"Changing Chinese World Orientation: The Introduction of International Law in Late Qing China"
Fri, October 11, 2013 • 3:30 PM - 5:00 PM • Meyerson Conference Room, WCH 4.118
A talk by Dr. Rune Svarverud, University of Oslo
International law was introduced as a discipline, alongside with other areas of Western studies (xixue), in China with systematic translations of Western texts from the middle of the 19th century. Initially international law had little impact on China’s conduct in international affairs or on China’s general world orientation. In late 19th century, as a consequence of the first Sino-Japanese war, however, international law became instrumental in an intellectual reorientation of China’s position in the international community of states. This talk will analyse the processes of translation, reception, and adaptation of international law in late Qing China and attempt to show how this process contributed to a change in Chinese world orientation.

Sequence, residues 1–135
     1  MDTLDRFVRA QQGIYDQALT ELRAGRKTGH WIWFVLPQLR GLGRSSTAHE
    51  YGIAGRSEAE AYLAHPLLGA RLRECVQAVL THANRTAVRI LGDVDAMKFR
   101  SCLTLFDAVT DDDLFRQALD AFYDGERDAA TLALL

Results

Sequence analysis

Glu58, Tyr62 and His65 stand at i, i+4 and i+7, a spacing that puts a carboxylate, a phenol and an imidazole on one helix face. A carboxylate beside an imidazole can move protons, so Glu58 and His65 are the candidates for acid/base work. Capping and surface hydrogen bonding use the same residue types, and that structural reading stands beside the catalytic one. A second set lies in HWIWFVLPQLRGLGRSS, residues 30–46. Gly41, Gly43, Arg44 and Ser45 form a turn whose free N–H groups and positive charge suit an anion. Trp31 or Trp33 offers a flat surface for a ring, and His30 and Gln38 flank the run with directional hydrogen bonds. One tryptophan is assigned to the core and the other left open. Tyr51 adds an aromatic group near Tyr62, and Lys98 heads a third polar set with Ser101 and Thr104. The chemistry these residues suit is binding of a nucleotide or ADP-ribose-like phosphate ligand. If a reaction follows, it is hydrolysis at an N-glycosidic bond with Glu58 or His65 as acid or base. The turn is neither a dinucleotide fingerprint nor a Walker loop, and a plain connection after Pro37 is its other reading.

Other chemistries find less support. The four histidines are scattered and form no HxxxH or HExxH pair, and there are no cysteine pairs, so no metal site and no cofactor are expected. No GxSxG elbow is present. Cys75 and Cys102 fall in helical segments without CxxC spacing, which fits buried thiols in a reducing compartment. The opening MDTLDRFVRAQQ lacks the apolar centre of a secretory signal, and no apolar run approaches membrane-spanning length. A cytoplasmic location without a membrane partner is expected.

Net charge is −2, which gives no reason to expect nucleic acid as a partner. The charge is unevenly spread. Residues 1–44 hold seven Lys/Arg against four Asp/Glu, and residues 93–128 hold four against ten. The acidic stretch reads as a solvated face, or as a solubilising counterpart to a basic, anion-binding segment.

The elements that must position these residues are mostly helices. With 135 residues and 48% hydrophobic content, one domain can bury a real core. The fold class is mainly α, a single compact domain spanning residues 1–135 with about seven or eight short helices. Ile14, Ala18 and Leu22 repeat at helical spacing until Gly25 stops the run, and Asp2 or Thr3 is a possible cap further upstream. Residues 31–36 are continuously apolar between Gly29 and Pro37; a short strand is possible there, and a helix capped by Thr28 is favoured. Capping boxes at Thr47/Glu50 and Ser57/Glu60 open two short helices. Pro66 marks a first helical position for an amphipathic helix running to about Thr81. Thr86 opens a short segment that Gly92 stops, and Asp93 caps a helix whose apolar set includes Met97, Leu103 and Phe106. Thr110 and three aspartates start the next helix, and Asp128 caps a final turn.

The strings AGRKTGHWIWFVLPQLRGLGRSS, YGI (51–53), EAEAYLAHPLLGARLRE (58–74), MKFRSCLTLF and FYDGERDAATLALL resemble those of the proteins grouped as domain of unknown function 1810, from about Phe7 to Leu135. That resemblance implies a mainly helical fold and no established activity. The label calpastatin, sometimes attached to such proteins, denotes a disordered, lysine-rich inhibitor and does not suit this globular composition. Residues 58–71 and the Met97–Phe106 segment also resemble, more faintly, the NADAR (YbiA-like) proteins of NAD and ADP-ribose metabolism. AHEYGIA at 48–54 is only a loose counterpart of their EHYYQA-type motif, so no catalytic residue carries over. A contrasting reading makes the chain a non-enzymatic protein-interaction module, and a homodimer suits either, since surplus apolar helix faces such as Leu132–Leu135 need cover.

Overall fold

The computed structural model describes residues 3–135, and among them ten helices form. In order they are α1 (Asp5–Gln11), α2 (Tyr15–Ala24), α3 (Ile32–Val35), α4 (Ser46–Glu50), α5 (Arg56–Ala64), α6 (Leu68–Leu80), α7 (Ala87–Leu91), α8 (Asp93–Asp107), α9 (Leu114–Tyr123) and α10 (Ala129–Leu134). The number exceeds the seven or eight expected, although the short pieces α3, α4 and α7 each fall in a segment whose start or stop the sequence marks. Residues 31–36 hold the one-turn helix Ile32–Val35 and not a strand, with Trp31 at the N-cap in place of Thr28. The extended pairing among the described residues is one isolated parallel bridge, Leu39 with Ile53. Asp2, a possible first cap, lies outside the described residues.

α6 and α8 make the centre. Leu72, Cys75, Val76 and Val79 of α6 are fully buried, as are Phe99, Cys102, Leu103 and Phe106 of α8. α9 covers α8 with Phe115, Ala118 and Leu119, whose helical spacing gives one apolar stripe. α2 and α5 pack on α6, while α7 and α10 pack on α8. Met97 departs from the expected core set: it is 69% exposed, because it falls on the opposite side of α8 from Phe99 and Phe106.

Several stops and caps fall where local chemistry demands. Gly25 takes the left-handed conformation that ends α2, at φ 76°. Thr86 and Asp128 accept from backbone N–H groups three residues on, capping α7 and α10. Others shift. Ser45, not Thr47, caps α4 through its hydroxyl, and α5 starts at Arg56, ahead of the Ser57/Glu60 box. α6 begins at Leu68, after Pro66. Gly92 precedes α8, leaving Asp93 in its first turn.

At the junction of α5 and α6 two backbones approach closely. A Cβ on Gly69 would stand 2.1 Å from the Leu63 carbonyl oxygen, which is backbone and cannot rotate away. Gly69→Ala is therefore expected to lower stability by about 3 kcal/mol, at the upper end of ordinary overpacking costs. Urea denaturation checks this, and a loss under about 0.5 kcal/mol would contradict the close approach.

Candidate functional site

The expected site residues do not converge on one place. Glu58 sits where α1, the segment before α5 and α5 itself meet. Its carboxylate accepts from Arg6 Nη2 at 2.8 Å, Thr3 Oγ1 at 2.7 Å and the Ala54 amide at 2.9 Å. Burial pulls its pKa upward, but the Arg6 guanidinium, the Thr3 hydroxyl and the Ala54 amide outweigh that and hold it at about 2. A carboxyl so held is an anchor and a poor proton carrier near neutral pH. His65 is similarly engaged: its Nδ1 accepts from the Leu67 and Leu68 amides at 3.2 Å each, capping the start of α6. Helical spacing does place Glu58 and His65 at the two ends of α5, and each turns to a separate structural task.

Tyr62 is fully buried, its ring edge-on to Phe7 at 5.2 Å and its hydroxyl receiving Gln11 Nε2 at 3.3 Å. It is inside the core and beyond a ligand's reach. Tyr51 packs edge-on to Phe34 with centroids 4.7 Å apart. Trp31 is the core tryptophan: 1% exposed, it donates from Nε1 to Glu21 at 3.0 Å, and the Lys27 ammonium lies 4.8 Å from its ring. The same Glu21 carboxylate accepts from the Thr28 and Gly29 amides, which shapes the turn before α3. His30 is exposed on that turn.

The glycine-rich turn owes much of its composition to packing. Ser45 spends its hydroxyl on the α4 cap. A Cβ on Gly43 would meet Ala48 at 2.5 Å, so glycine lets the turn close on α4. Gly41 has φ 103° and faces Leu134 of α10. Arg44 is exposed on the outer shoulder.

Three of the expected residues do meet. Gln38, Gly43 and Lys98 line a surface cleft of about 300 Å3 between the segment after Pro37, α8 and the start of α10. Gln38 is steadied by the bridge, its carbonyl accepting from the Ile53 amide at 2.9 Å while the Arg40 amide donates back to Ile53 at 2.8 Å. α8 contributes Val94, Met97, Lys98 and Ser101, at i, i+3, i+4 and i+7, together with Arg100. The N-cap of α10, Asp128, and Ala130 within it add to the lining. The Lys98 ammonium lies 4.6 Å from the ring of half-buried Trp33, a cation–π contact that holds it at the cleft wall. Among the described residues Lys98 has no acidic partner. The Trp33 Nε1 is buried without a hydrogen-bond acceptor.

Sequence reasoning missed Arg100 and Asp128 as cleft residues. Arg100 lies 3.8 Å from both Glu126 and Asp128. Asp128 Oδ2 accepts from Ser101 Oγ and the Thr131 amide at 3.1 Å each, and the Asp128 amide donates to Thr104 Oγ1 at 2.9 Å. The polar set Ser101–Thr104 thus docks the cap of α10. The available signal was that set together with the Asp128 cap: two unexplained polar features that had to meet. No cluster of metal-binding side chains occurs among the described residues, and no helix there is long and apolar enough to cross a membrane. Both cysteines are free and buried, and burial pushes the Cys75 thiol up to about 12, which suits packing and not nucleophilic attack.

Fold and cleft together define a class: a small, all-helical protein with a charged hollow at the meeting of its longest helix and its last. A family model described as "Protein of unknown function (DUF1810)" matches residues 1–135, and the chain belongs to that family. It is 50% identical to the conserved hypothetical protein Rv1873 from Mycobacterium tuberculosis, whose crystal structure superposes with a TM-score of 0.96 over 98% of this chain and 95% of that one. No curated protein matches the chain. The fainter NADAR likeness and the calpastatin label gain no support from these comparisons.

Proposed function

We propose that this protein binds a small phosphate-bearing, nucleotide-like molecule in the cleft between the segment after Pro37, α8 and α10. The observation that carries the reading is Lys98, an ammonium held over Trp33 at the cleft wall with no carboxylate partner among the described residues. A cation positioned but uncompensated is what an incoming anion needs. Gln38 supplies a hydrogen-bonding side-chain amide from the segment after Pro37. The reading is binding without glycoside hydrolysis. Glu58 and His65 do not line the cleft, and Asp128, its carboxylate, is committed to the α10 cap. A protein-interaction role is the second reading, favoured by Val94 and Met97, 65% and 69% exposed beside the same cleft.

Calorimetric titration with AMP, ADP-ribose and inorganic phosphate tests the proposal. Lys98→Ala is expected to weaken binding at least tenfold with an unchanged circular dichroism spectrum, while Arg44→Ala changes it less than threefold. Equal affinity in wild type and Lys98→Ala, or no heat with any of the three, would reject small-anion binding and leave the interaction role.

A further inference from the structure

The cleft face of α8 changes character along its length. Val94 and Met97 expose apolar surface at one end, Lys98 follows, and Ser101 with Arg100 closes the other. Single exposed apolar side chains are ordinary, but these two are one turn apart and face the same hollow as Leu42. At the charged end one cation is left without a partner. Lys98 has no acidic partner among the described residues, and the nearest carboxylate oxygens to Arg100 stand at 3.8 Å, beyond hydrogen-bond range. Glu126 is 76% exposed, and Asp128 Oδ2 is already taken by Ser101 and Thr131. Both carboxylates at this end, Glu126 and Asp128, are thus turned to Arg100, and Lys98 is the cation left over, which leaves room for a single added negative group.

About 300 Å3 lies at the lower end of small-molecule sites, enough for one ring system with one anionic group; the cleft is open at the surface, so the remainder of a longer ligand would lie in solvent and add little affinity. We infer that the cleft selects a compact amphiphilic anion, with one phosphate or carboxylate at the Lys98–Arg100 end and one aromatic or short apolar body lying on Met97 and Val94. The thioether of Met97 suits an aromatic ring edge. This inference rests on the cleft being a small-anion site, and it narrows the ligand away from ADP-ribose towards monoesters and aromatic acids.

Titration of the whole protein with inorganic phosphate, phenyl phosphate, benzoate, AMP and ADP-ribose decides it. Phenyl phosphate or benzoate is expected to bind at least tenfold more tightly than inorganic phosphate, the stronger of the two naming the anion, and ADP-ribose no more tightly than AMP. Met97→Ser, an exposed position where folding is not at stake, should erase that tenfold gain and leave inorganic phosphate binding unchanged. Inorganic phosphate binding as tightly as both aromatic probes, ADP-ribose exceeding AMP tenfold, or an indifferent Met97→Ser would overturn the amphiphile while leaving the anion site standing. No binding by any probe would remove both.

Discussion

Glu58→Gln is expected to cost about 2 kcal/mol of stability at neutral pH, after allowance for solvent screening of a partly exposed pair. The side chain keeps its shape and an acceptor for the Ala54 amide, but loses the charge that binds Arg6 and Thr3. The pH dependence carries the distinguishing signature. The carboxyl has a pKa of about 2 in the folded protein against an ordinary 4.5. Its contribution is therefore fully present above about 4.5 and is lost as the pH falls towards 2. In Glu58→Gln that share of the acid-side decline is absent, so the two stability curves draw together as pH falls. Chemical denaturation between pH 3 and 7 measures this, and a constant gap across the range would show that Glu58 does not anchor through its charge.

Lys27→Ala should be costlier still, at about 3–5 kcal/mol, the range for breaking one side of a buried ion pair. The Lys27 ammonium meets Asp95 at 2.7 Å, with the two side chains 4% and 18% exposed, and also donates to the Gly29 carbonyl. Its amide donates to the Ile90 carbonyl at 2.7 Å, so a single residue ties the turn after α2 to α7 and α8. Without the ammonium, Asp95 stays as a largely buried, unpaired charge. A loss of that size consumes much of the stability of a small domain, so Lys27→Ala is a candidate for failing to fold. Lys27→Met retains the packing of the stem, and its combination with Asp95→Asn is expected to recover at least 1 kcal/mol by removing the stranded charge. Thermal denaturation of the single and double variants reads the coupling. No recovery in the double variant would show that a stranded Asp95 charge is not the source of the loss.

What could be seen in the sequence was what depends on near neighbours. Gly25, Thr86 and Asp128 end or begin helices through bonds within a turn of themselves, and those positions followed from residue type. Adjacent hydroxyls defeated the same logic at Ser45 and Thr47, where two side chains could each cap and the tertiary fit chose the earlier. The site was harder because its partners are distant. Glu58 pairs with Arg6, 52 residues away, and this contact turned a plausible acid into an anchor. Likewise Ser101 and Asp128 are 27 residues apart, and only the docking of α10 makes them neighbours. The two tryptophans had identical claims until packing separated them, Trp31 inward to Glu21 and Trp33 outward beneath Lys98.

Dr. Rune Svarverud is a Professor and Deputy Head of Research in the Department of Culture Studies and Oriental Languages at the University of Oslo.
Dr. Svarverud's main academic interests are the language, history and intellectual history of China. He has mainly been working on two separate periods in Chinese history. The first of these two is the early period of Chinese philosophy and thought during the pre-Qin period and the Han dynasty. The second of these periods is the time following the Opium War in 1840 and the subsequent encounters between Chinese and western culture, language and thought. Within these two periods, he has worked with the history of concepts, textual history, the history of Chinese philosophy and ideas, cultural encounters, modernity and individualism.